particular obligation to share our know-how since issues such as resource scarcity, climate adaptation 
and mitigation of climate change all constitute global challenges….which we believe are essential 
elements of a Utility of the Future. 

Finding ways to improve our energy profile and reduce our carbon footprint 

Our journey towards recovering energy resources in the wastewater began in 2010. At that point, VCS 
Denmark decided to challenge the paradigm of major wastewater treatment plants by becoming energy 
neutral by 2014, and we put out an international tender asking for inspiration to achieve this goal. Our 
collaborative project with a global consultancy led to a quantified catalogue of potential energy savings, 
and more importantly - a number of potential improvements in energy production. The Ejby Mølle 
WWTP (our largest facility with a capacity of 385,000 population equivalents) already had biogas driven 
combined heat power (CHP) facilities producing electricity and heating for our district heating system, 
but we wanted to go further. Our improvement program was in line with a general approach in 
Denmark and in our local community that green solutions are considered to be of high value. 

Focusing on recovering energy resources 

The basic approach was to identify energy resources in the wastewater. The more carbon that goes into 
the digester the higher the production of biogas. We evaluated the carbon-balance throughout the 
treatment processes with the objective of optimizing the utilization of the received organic material, 
while reducing its impact to the existing biological nutrient removal process in the liquid stream.  By 
concentrating in carbon redirection, we were able to go from 75% energy self-sufficiency in 2011 to 
energy neutral by the end of 2014.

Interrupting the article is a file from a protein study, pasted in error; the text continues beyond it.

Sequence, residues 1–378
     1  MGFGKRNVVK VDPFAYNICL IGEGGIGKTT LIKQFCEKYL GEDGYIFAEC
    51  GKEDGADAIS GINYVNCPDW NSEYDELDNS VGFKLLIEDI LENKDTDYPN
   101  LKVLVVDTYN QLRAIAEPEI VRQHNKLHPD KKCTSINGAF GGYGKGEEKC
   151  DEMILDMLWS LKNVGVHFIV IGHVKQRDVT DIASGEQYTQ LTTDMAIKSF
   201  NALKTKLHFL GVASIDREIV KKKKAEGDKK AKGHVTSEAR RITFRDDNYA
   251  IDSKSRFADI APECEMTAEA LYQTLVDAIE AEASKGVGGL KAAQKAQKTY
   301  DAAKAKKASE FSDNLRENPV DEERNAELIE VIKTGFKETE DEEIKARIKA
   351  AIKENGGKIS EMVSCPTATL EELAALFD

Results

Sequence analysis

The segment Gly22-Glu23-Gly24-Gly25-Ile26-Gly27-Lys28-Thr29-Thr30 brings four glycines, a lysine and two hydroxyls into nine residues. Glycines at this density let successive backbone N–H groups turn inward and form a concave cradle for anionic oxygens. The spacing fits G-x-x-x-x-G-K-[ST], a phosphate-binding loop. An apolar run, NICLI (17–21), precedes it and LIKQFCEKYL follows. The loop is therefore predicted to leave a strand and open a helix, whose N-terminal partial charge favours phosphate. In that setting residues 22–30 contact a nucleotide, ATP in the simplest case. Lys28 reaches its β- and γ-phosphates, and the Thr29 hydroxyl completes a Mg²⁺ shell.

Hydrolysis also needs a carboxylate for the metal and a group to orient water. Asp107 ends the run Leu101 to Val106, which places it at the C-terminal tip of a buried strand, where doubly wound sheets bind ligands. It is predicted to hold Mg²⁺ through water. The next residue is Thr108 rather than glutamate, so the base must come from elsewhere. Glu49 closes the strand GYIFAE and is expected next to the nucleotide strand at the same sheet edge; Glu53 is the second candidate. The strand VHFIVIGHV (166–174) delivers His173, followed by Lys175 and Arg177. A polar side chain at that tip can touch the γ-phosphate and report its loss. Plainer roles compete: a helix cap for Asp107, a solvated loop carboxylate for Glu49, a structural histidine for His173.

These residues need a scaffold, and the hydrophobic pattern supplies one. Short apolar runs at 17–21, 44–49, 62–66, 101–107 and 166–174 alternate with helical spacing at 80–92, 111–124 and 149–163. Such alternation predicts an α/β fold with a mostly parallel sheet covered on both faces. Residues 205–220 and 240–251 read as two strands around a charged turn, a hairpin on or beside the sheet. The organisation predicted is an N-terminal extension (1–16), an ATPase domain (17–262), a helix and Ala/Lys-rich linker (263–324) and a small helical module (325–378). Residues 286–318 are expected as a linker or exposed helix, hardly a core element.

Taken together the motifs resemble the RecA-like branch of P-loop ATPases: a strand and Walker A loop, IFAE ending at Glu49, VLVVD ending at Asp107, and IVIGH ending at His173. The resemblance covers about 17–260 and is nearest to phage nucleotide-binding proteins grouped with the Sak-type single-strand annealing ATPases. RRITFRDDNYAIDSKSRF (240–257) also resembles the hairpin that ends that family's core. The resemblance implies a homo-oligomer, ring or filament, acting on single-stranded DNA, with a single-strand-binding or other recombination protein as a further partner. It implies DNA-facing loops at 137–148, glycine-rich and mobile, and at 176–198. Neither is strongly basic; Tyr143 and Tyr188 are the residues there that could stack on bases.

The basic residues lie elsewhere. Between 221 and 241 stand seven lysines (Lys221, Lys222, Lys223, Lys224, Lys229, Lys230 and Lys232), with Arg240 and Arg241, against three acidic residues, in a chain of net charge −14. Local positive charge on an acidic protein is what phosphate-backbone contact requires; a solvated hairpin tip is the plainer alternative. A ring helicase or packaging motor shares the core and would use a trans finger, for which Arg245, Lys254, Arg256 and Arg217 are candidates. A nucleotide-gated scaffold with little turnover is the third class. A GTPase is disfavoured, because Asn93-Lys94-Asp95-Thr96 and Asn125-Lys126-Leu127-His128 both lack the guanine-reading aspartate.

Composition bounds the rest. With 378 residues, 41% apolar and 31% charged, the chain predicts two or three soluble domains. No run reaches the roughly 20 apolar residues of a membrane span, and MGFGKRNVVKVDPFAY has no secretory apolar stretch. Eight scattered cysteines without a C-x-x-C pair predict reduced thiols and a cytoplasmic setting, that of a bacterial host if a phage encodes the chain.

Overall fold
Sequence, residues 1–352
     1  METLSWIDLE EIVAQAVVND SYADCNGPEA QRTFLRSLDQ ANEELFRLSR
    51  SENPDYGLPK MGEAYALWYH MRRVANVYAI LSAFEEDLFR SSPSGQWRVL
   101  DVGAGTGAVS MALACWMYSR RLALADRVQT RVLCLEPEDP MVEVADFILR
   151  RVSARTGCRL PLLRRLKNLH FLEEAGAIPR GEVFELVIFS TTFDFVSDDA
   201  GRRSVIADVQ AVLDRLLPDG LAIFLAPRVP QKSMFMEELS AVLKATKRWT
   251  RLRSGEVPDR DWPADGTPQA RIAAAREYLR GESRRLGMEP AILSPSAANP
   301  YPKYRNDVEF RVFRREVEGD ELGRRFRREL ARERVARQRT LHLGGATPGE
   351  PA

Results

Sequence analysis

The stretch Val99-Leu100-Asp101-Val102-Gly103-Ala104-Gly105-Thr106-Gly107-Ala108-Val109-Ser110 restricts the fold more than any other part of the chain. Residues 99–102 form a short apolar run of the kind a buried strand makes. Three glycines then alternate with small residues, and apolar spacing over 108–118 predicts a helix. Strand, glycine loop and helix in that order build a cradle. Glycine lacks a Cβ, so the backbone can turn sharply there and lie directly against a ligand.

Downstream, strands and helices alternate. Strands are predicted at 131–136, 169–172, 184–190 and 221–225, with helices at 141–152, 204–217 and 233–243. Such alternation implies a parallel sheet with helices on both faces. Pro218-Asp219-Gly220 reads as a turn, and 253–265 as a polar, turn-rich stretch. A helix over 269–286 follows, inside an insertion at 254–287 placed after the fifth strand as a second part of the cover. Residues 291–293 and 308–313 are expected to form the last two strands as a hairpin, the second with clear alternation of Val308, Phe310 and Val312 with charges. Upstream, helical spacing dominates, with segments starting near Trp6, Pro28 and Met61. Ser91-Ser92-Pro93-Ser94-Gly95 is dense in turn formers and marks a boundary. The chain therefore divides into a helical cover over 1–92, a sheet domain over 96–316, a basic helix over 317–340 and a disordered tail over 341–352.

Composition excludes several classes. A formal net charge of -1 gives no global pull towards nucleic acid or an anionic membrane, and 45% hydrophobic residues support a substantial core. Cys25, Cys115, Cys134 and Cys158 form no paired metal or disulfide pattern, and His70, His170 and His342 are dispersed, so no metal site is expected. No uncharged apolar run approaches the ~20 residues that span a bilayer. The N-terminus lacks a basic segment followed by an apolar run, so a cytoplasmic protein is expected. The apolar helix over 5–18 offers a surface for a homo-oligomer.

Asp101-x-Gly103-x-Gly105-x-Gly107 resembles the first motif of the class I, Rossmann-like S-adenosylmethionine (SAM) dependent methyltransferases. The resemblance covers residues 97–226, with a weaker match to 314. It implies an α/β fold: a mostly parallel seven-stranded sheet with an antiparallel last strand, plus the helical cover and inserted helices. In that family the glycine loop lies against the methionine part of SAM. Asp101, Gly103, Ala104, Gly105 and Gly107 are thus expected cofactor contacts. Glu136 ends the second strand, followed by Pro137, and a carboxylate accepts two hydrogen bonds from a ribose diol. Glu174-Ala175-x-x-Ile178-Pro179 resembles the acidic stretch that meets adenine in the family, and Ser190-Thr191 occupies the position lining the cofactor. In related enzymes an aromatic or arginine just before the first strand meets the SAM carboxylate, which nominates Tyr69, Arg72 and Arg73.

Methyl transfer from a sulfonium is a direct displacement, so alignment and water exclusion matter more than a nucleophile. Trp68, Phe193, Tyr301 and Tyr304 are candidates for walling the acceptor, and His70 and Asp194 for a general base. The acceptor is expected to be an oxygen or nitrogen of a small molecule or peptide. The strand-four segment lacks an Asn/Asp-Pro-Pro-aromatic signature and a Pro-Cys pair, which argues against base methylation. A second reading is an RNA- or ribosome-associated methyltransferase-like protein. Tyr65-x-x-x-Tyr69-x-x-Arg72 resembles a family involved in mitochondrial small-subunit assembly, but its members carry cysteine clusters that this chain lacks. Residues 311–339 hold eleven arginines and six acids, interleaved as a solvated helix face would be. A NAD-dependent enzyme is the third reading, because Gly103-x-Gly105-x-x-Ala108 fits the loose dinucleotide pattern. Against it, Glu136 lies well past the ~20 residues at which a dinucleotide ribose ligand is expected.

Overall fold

In addition to our process optimization program, one of innovative concepts we adopted was the 
treatment of the sidestream from digested sludge dewatering with the deammonification process, and 
its configuration to allow its implementation in the mainstream of our biological nutrient removal 
process as well.  The general idea is to focus on elements such as carbon and ammonia, and make sure 
that they are handled in the most optimal way - whether for the purpose of removal or utilization. The 
result has been a process optimization containing many elements of improvement – many of them 
interrelated. By 2015 the Ejby Mølle WWTP became net energy producing by producing in terms of 
electrical and heat energy over 150% of what it requires to operate meeting very stringent nutrient 
removal requirements (TN< 5 mg/L; TP < 0.5 mg/L). 

Holistic approach towards system-wide optimization  

Our results are the sum of many initiatives – major as well as minor. E.g. we reduced the amount of 
oxygen used in the aeration process substantially through online measuring – thereby saving both 
energy and maintenance of our equipment. We also found that the mixing of the digester could be 
reduced to 6 hours daily – instead of having the mixer equipment operating 24 hours a day to produce 
the same amount of biogas.  

For VCS Denmark, acting sustainably in a broader sense is an important part of the reason that we 
perceive wastewater as a resource. Many of the minor improvements in producing biogas are – as yet – 
mainly important from an environmental perspective. However, we choose to implement them